Reproductive isolation of parasitic plant host races
Is there selection for increasing pre-zygotic barriers to reproduction between host races?
Parasites have been extremely successful throughout the history of life on Earth, comprising the majority of species by some estimates. New parasite species can often form following infection of a novel host species if barriers to successful reproduction between parasites on the two species exist. A question of longstanding debate in evolutionary biology is how these barriers can arise in the absence of geographic obstacles.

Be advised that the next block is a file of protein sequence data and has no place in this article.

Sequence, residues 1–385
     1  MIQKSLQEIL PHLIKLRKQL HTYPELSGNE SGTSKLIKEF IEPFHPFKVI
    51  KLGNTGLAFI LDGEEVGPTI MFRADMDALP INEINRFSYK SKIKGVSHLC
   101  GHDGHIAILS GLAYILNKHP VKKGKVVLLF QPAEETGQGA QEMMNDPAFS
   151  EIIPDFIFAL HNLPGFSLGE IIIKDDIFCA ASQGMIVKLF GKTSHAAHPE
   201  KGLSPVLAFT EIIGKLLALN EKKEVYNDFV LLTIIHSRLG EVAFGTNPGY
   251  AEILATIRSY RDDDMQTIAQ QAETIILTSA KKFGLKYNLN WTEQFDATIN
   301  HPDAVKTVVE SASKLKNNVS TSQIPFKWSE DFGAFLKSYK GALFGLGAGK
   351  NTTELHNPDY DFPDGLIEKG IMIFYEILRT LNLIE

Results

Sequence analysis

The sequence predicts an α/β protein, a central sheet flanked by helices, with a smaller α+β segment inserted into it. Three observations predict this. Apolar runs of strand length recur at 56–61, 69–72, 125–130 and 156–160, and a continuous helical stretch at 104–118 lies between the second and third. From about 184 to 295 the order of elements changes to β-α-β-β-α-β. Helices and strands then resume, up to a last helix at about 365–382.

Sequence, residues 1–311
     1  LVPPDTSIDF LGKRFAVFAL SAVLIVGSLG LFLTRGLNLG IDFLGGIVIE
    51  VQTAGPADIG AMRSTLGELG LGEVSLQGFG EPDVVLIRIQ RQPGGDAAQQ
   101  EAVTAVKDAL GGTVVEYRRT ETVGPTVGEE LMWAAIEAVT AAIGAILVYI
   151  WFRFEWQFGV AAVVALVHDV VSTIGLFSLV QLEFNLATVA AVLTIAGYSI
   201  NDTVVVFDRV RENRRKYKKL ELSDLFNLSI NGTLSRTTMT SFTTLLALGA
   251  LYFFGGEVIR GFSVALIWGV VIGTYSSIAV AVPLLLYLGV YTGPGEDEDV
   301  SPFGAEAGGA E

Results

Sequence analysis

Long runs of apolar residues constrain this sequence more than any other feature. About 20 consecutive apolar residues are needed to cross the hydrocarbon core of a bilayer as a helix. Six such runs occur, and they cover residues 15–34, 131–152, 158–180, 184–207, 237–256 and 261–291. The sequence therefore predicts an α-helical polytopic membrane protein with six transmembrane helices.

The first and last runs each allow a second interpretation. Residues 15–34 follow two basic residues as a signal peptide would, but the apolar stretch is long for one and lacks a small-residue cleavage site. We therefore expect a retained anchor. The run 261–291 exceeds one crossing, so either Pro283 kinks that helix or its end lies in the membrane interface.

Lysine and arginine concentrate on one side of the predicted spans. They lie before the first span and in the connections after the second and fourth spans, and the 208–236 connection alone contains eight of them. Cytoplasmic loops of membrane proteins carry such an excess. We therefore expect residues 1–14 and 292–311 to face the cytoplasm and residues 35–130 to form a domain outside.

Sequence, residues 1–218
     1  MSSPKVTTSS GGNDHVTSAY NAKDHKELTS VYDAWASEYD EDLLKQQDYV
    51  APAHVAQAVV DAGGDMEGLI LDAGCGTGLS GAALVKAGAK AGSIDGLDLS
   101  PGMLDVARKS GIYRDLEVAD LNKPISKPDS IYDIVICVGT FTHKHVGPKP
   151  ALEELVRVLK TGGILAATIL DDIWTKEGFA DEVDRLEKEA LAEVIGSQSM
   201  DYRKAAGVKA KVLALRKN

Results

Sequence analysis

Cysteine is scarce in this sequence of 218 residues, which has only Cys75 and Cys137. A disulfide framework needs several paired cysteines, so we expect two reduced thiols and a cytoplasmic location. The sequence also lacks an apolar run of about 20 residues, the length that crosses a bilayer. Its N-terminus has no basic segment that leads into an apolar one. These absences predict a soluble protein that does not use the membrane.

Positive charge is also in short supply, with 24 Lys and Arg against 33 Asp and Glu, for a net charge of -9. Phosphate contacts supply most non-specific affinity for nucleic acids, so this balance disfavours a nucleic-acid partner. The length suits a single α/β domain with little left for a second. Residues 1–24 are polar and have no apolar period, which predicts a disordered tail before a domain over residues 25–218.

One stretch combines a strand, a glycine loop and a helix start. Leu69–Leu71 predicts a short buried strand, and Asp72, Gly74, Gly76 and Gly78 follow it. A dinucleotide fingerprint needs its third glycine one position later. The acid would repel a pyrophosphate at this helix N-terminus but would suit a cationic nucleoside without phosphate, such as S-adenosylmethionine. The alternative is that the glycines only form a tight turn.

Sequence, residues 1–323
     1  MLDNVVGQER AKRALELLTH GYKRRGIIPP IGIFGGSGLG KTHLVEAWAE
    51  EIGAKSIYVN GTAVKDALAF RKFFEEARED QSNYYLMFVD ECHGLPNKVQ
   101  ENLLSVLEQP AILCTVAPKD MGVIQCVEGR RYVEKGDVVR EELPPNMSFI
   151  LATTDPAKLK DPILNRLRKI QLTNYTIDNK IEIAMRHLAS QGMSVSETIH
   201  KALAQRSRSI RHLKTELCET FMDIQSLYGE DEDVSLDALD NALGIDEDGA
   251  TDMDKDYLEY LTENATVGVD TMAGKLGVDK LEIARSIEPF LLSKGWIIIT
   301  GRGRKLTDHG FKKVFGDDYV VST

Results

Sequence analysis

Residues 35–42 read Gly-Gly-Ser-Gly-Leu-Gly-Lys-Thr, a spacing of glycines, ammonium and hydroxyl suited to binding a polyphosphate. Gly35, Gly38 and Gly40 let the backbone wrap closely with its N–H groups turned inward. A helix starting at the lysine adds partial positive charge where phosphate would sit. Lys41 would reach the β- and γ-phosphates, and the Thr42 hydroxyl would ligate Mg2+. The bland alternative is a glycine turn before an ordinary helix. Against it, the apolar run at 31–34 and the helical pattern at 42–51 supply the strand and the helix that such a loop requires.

This work tests established theory about the relative roles of pre-zygotic and post-zygotic isolation mechanisms in sympatry and allopatry using two host races of a native aerial hemiparasite of plants, desert mistletoe (Phoradendron californicum), across their overlapping ranges. Populations of the host races infecting catclaw acacia (Senegalia greggii ) and velvet mesquite (Prosopis velutina) in sympatry (locally interspersed) and allopatry (> 3 km from nearest infected host of other species) will be studied at multiple sites across Arizona. I am conducting selection gradient analyses for flowering time across these populations to test if selection for divergent flowering times (a pre-zygotic isolation mechanism) between the host races is stronger in sympatry than in allopatry.